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The extraordinary explosion that reshaped Russian culture between the October 1917 revolution and the Stalinist freeze of 1930 induced extreme effects on architecture. Rationalist and constructivist designers imagined a new urban environment in which striking monumental structures conveyed the dynamics of the revolution, while several dozen edifices responded to emerging, innovative practices in the realm of housing and leisure.
In permanent contact with Western scenes such as Germany, France, and North America, albeit indirectly, the architects of the competing Avant-Garde groups saw their dreams crushed by the dire reality of rudimentary building technologies and the conservatism of the emerging ruling class. Yet this pattern of explicit, and sometimes veiled, exchange continued to characterize the production of architecture until the final victory of Modernism in the mid-1950s.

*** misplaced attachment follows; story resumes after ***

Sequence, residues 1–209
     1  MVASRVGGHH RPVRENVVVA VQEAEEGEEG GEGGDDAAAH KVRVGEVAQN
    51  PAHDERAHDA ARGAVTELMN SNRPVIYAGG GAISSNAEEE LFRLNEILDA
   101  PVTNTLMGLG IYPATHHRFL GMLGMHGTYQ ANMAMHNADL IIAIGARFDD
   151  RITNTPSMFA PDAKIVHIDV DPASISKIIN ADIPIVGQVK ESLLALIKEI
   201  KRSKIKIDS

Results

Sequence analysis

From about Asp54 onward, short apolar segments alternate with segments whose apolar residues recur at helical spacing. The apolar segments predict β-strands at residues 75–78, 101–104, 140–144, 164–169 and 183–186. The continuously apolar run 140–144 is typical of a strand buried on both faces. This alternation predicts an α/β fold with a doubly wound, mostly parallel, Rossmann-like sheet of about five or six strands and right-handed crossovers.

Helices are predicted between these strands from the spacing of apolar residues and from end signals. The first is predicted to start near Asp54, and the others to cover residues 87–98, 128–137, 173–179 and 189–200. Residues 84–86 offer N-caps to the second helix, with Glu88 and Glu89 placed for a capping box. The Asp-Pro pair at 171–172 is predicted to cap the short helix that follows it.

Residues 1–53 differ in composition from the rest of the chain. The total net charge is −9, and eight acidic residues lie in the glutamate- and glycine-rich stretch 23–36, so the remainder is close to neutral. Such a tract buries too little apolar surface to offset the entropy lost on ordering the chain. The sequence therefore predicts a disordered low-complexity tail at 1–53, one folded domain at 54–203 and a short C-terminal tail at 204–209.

Jean-Louis Cohen was born in 1949 in Paris. Trained as an architect, he received a PhD in history. Since 1993, he has held the Sheldon H. Solow Chair for the History of Architecture at New York University's Institute of Fine Arts. His research activity focuses on twentieth-century architecture and urban design. From 1997 to 2003, he imagined and developed the Cité de l'architecture for the French Minister of Culture, a museum, research, and exhibition center that opened in 2007. In 2012, he received a Graham Foundation grant for his upcoming publication Modern Architectures in History: France (Reaktion Books). A curator of numerous exhibitions in Europe and North America, his books include Le Corbusier and the Mystique of the USSR (1992), Scenes of the World to Come (1995), Casablanca, Colonial Myths, and Architectural Ventures (2002, with Monique Eleb), Mies van der Rohe (2007), Architecture in Uniform (2011), and The Future of Architecture. Since 1889. (2012).
Modern Architectures in History: France
Architecture in Uniform: Designing and Building for the Second World War
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